The first symptom of
syphilis is a sore called a chancre (say "shanker")
that is usually painless. The sore begins at the site of infection as a small,
solid, raised skin sore less than
1 cm (0.4 in.) across. It
develops into a red, usually painless open sore with a scooped-out appearance.
The sore usually does not bleed.
Two or more chancres may develop at the same time, usually in the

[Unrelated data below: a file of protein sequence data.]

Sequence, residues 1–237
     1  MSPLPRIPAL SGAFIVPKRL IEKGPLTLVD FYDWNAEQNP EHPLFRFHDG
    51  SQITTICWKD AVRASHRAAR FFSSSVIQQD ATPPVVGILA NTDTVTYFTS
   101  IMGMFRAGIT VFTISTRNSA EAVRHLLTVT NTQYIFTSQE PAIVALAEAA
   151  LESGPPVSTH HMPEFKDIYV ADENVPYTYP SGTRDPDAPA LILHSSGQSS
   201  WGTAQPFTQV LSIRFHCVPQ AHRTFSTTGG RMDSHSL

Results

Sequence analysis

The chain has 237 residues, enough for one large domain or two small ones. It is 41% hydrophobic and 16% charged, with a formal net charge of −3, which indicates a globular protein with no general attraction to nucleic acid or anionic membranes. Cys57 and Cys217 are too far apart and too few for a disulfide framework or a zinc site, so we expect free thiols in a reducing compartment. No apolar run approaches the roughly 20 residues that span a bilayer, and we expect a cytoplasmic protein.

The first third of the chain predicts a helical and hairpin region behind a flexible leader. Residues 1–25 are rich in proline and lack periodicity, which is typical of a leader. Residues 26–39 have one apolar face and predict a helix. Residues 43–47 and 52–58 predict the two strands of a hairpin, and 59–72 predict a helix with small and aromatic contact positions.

genital area, but sometimes on the hands, mouth, or other body surfaces.
Chancres contain millions of syphilis bacteria and are highly
September 29, 2011
Sarah Marshall, MD - Family Medicine & Devika Singh, MD, MPH - Infectious Disease
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